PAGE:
Asda vows to open smaller stores as outlets left frozen out

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Supermarket Asda today vowed to accelerate openings of smaller stores after its out-of-town outlets were left out in the cold during the freezing winter weather.

The firm, which is owned by US firm Wal-Mart, plans to open three small format stores towards the end of March as part of a programme to add 10 stores that will create 6,000 jobs this year.



Asda reported a 6 per cent rise in like-for-like sales for 2009, with sales in the last three months up 4.6 per cent.



Growth was driven by an increase in customer numbers and higher average spend across the year and Asda said it had exceeded its forecasts for both profits and sales.



The supermarket lost out in the snowy weather during its busiest trading period at the end of the year.



Chief executive Andy Bond said the freezing weather was some of the most challenging the firm had ever experienced.



"As you know we have far fewer stores than our competitors, so our 18 million customers have to drive a little further to get to us," he said.



"Not surprisingly this meant the four weeks of snow and ice from December 18 impacted us more than any other food retailer."



Recent figures from Kantar Worldpanel showed Asda lost market share for the first time in more than two years in January.



The group was the only one of the "big four" players to see market share fall last month, to 16.9 per cent from 17 per cent a year before.



Asda, which currently has 371 stores across the UK, now plans to broaden its business with additional smaller supermarkets, which can be located closer to communities.



The firm said the first three openings this year will be in Cumnock, Ayrshire, Kings Heath in the West Midlands and Tweedmouth, in Northumberland.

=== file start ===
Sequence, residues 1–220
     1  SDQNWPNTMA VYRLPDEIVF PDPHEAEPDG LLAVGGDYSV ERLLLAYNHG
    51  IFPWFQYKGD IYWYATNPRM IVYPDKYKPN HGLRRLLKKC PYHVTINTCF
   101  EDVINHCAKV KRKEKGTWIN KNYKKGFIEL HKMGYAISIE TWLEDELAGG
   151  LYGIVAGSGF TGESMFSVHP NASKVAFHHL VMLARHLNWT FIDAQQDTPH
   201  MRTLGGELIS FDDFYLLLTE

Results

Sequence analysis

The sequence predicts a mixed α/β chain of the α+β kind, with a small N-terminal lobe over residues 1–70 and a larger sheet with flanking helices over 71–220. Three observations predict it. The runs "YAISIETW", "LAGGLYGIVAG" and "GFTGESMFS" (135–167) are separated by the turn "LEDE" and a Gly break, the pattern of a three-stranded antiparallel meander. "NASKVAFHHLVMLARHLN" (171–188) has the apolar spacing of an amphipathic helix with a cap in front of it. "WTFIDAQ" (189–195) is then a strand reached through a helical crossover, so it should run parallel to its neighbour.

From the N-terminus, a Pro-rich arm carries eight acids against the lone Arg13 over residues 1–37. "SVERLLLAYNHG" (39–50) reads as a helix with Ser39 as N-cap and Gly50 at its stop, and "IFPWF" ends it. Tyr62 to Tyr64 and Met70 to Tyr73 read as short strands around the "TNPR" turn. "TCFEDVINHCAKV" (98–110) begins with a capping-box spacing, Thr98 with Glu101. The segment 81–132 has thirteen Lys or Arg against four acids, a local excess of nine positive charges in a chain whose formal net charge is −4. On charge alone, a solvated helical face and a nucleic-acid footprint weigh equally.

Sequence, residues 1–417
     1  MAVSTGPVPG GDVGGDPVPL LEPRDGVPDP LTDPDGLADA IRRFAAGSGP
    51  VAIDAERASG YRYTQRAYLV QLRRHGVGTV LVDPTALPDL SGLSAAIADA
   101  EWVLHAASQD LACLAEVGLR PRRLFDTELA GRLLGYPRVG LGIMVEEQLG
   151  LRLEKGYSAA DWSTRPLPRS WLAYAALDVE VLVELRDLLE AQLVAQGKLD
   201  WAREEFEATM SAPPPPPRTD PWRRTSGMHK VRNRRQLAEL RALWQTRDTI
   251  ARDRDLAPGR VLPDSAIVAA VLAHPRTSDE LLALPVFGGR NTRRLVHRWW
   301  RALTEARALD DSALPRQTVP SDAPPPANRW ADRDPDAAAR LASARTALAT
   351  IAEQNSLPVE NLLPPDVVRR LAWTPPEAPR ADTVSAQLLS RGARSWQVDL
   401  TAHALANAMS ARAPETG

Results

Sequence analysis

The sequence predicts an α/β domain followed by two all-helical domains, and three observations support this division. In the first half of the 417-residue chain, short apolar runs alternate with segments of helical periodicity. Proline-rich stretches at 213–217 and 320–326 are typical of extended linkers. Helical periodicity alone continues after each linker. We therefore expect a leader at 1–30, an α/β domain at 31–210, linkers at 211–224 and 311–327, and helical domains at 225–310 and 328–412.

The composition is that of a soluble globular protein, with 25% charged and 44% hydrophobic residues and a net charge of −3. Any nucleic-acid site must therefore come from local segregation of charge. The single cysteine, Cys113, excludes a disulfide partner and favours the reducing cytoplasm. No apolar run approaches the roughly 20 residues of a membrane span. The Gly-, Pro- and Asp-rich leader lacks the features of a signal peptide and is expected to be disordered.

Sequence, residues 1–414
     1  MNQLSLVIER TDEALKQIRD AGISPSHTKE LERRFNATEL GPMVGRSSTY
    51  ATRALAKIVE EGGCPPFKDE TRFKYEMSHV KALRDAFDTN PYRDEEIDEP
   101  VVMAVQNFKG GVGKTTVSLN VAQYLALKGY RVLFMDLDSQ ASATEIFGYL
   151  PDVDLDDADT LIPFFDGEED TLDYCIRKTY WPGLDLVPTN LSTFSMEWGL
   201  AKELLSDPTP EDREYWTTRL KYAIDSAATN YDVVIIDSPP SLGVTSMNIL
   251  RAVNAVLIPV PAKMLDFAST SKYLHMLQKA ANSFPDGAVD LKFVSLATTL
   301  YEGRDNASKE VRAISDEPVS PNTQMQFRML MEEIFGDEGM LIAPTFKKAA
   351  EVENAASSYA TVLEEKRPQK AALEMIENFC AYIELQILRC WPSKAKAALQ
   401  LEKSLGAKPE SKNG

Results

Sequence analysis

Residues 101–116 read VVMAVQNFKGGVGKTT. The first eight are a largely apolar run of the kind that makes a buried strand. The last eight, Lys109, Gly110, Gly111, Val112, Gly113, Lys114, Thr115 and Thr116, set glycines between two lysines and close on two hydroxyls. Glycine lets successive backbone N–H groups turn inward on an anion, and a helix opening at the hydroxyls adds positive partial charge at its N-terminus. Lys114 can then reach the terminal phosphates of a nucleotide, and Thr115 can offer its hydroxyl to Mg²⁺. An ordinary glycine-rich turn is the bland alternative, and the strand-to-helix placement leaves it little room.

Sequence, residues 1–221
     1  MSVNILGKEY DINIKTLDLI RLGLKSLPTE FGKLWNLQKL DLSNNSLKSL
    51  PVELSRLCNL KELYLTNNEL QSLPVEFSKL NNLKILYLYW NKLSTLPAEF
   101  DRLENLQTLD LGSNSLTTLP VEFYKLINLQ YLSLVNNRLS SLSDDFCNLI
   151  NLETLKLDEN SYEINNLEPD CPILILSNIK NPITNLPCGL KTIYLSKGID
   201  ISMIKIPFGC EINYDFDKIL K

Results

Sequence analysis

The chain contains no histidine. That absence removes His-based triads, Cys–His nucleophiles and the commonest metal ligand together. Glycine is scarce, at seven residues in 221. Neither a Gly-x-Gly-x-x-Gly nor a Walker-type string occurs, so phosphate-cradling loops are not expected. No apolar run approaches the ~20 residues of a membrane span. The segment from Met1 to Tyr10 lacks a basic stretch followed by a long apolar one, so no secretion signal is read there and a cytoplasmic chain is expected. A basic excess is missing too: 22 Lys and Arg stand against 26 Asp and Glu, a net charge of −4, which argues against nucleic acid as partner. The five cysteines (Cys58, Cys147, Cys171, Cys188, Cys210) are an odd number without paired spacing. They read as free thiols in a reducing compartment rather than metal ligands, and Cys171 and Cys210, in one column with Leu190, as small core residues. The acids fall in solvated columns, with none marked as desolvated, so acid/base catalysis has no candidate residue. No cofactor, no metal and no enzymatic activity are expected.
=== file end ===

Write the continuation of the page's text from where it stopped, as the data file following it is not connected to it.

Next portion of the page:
Asda also wants to capture a greater share of the online grocery market after it saw sales in its home food shopping division increase by nearly 50 per cent last year.



The supermarket said it was "too promotional" in 2009, as it was sucked into ferocious high street price wars.



Mr Bond said falling inflation towards the end of the year had caused suppliers to discount heavily "rather than investing in reducing the base price of their products".



"While we charge a consistent low price every day, all three of our rivals have a high low promotional strategy," he said.



"In my view they are guilty of employing weapons of mass distraction when it comes to pricing. We will no longer get drawn into playing this game."



He said clothing label George had demonstrated its knowledge of the supermarket's customers during the year.



Its men's Moob Tube - a vest to hide chest flab - sold out in hours, while the Tummy Tamer dress was also said to have flown off the shelves.



Mr Bond said George had taken the top market share position in November as measured by volume.



"However, our customers don't really care how big we are, they are more concerned about getting value for money on every purchase," he said.



"In 2010 they are demanding even greater value, and as we start coming out the other side of the recession that means less waste, clear ethical standards and higher quality garments."

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